After these orisons the epistle followeth, the which is as much worth as a message sent to some other by letter, and it signifieth the doctrine of the apostles of our Lord, the which were sent to our Lord for to teach and endoctrine the people unto the way of truth. It may be said also that this epistle signifieth the predication of S. John Baptist, the which was sent of God for to announce the coming and doctrine of him. In which lore he saith thus: Penitentiam agite, appropinquabit enim regnum celorum. That is to say: Do you penitence for the realm of heaven shall come nigh to you. And of his sweet coming saith yet S. John: Ecce agnus Dei, etc., that is to say: Here is the Lamb of God, here is he that taketh away the sins from the world. This same epistle may also give us testimony that our Lord will descend unto the precious sacrament of the altar for to sacrifice, as it shall appear in the second part of the mass, for after this that S. John had taught in his predication that we should do penitence for to acquire and have the realm of heaven, followeth the grail that may signify lamentation and embracement of penance. And after that the creature devout hath heard the predication of God, he oweth to put the hand to the works and to do after his power. For this grail here came out of Greek tongue, and signifieth how a creature oweth to mount or go up before God from degree to degree, by virtue of humility. And it is to wit that betwixt the octaves of Easter and Pentecost the grail is not said, for this that the grail signifieth, penance and lamentation or mourning. And in this time of Pasque our mother holy church ne doth but joy and maketh solation for the resurrection of Jesu Christ, and therefore is then said: Alleluia, which signifieth joy and consolation, for after that creature hath done penance by virtue of humility in weepings and lamentations he must lead after, joy and very consolation. For our Lord saith thus: Beati qui lugent, quoniam ipsi consolabuntur, that is to say: Blessed be those that weep by contrition, for they shall have very consolation. And it is to wit that this word alleluia is expounded in four manners after four doctors, the first is S. Austin, which exposeth it thus: Alleluia, id est, salvum me fac domine, Sir, save thou me. S. Jerome exposeth it thus: Alle, id est cantate, lu, id est laudem, ye, id est deum vel dominum, that is to say: Sing you lauding to our Lord Jesu Christ. S. Gregory exposeth it thus: Alle, id est aeter, lu, id est filius, ye, id est spiritus sanctus. That is to say: The Father, the Son, and the Holy Ghost. Or thus he himself exposeth it: Alle, id est lux, lu, id est vita, ya, id est salus. Alleluya then, by the same exposition, is as much for to say as light, life, and health. Fourthly, Master Peter Antissidorensis expoundeth it much well, and saith thus: Alle, id est, altissimus levatus est in cruce, lu, id est, lugebant apostoli, ya, id est, jam surrexit. lt is as much for to say: The right high is lift on the cross, for the which thing the apostles have wept, and soon after he is risen. In the which exposition three things are showed to us. The first is the cruel passion of our Lord Jesu Christ. The second is the sorrow and anguish of the apostles, and the third is the mirth and joy of us, for he saith that our Lord is risen, and in tokening of that men sing, Alleluia. After this Alleluia, he saith the verse which signifieth all sweetness, and virtuous work, by the which men return to very jubilation, and therefore he repeateth the Alleluia after that the verse is said: for by good work men return again to very consolation, and it is to wit that from the Septuagesima unto Easter day, men owe not to say Alleluia, and instead of it they say the tract, the which tract signifieth weeping and lamentation, for the passion of our Lord Jesu Christ, that cometh nigh that time, that is to wit the holy time of Lent, and therefore a creature devout with all his heart, oweth to draw to think on that same holy passion; and during that time men say no sequence, for the sequence signifieth joy and consolation. And that time of Lent ne signifieth but mournings, and it is to wit that the sequence is said after Alleluia, and it is said specially on holy days and solemn, in signifying the plenty and the multitude of mirths and consolations that is signified by the said Alleluia and sequence. For inasmuch that the day is more solemn than other days, the more oweth creature to lead and make greater joy in lauding the holy Trinity.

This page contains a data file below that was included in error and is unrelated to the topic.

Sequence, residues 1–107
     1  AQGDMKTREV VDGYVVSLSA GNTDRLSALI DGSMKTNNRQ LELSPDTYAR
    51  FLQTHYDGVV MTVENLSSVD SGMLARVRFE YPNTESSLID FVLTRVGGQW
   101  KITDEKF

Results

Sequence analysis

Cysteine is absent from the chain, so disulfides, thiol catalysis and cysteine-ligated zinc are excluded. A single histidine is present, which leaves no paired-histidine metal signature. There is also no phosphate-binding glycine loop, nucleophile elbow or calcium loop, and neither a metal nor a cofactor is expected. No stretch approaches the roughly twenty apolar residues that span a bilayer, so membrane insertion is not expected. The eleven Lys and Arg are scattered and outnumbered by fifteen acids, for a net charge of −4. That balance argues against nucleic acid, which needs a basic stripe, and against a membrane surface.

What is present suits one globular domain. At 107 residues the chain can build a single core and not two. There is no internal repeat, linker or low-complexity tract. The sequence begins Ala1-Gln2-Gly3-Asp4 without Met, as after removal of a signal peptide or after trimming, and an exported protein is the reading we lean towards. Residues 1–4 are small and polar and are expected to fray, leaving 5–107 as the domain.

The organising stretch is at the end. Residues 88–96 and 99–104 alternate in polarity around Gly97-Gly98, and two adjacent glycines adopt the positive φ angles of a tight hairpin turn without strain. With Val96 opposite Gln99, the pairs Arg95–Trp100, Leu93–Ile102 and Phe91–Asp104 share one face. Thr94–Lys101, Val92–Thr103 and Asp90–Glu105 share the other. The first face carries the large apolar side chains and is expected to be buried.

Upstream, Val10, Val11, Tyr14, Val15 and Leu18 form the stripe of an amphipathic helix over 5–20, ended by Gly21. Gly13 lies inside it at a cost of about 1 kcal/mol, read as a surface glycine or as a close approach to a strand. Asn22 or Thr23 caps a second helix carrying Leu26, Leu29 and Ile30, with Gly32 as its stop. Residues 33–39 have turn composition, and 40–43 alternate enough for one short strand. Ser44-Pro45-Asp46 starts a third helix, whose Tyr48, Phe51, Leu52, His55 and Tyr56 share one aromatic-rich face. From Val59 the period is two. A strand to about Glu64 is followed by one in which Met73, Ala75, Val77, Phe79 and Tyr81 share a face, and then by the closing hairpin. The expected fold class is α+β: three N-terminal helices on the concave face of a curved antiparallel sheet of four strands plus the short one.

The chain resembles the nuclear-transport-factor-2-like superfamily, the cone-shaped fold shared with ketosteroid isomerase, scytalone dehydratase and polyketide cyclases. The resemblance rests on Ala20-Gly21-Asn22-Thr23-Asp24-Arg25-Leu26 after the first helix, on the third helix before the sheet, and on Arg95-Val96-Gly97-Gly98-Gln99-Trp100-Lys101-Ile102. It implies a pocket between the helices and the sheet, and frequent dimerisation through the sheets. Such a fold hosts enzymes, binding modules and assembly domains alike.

After all these things, the priest translateth his book to the sinister part of the altar, for to say the evangel, in signifying how our Lord when he came down in earth for to expose the holy Evangel to all creatures, he drew him to the sinister part, that was toward the Jews, for to announce to them the holy Evangel, for at that time the Jews had drawn themselves to the left side, and for this the priest in that place may represent our Lord preaching and announcing the law. And to the end that he may exercise or do that office more perfectly, at the beginning of it he saith softly an orison that beginneth thus: Munda cor meum, etc., in the which orison he prayeth our Lord that he will make clean his heart, for to announce his predication. After that he demandeth the blessing of our Lord, saying: Jube domine benedicere, that is as much to say: Lord command thou that I may have thy blessing, and anon he, as lieutenant of our Lord, answereth and saith thus: Our Lord be in my heart and in my lips so that I may worthily and competently announce the holy Evangel of God in the name of the Father, the Son, and the Holy Ghost.